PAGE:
16 AUGUST 1930, Page 1

The foreign trade returns for July are disheartening. Contrary to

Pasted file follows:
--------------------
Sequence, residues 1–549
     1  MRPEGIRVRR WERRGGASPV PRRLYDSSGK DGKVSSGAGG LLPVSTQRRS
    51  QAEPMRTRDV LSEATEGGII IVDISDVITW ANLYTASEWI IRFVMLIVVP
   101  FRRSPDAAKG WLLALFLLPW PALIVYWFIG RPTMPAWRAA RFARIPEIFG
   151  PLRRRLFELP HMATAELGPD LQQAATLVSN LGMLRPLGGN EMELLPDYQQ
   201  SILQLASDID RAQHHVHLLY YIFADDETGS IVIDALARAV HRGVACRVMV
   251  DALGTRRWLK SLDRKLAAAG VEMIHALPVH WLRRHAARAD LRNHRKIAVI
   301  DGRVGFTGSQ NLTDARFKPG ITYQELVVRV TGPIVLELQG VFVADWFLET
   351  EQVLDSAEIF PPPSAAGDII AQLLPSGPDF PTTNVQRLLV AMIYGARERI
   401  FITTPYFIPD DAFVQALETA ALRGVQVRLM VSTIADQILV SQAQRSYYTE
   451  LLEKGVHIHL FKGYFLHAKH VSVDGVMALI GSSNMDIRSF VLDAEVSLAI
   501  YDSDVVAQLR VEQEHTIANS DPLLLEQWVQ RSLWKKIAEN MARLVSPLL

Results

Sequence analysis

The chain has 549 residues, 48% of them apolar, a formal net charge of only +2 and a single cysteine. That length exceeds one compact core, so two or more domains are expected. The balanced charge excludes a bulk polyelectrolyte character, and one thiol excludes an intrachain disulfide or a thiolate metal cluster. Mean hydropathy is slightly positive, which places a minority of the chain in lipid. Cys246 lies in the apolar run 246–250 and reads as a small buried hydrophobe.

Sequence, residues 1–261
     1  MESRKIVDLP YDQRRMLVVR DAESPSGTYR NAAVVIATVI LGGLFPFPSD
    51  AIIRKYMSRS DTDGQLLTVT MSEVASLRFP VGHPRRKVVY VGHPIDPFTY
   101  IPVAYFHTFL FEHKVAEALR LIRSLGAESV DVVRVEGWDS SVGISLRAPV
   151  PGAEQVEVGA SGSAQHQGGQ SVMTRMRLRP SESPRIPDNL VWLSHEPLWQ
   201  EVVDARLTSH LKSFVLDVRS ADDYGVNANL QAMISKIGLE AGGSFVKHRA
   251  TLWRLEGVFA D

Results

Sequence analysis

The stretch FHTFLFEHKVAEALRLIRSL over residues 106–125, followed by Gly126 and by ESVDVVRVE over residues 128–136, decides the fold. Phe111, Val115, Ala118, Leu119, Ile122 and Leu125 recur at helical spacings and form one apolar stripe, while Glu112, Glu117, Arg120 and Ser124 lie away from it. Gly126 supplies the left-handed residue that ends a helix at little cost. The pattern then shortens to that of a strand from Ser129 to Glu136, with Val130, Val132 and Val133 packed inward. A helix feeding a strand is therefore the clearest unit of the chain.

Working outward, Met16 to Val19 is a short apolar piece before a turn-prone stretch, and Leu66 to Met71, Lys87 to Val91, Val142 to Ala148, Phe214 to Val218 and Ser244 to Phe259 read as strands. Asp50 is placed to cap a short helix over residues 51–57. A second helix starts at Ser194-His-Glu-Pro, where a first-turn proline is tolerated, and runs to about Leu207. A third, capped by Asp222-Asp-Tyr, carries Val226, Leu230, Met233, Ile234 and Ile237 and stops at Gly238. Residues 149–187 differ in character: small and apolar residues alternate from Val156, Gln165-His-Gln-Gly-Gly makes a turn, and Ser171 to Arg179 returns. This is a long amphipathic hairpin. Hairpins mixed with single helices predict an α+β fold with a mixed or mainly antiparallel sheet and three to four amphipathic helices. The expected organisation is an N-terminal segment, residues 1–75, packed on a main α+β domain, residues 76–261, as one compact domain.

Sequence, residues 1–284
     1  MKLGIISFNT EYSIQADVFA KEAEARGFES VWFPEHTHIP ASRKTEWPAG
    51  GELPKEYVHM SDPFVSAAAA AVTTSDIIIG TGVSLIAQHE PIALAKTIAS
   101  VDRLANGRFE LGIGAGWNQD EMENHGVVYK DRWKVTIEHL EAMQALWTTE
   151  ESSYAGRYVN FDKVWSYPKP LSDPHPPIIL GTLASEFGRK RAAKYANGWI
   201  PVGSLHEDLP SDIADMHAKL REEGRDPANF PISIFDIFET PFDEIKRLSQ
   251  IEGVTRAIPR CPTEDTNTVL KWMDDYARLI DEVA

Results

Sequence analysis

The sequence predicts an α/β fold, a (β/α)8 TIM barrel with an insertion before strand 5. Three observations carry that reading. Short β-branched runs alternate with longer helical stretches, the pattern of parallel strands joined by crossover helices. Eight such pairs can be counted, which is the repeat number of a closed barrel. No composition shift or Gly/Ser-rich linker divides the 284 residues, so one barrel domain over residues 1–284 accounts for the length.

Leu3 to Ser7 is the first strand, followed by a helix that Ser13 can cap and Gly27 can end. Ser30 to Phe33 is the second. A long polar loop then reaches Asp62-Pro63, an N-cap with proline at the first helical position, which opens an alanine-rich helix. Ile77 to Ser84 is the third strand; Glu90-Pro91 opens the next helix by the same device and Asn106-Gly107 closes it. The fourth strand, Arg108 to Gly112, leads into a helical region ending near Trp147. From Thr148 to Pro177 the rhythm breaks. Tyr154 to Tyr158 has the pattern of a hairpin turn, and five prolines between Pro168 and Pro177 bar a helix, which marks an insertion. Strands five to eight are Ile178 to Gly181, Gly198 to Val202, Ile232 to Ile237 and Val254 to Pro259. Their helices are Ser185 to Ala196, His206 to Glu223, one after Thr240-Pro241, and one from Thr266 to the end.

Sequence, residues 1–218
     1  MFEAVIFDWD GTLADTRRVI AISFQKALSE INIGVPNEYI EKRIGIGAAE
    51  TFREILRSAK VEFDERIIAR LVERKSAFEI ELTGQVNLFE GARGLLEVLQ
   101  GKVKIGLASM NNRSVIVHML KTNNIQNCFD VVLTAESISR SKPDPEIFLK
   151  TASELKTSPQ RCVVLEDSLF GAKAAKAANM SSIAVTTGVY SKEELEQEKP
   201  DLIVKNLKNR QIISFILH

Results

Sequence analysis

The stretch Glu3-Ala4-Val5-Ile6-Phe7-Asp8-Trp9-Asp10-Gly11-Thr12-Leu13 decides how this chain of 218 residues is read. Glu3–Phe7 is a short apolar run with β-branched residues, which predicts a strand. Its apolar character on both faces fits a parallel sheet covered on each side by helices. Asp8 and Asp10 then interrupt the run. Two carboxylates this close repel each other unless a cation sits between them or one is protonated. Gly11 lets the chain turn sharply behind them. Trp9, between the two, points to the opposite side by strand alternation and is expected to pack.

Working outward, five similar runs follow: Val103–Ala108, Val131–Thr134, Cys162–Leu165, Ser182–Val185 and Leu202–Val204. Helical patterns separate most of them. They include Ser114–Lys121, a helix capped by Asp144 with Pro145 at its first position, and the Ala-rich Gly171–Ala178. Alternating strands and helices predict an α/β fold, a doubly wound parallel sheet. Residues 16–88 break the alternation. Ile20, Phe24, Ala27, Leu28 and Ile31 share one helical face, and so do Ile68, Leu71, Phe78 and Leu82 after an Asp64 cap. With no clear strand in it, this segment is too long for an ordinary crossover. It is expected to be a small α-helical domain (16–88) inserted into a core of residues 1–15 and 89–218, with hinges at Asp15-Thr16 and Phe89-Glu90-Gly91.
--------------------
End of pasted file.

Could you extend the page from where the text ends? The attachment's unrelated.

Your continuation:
the opinion of those who have so often pointed to prosperity abroad as a cause of difficulty here, we discern the dependence of one nation upon another. The world was never able to produce more readily or more profusely. which means that the dis- tribution of material wealth ought to be freer than ever. The clouds are not lifting yet, but when they do they will gradually let brightness return to the world as one, not to Great Britain alone but to her as a member or the whole body of inter-dependent trading nations. We must record two special troubles at the moment. Nature has visited the United States with a prolonged drought which is bound to cause heavy losses through her greatest agricultural areas. Man has brought about a stoppage of production of textiles in Northern France. A strike has spread through the woollen, cotton and linen mills of Lille, Tourcoing and Roubaix. The workers have been sore over rising prices and refusals to raise wages, and further annoyed by the new Social Insurance Law which demands a share of the premiums front their wages. This last effort of the State to do good to the wage-earners by compulsion is, as usual, ill-received, lint has no logical connexion with the trade dispute. There seems to be great bitterness and miserable lack of trust between the employers and wage-earners.

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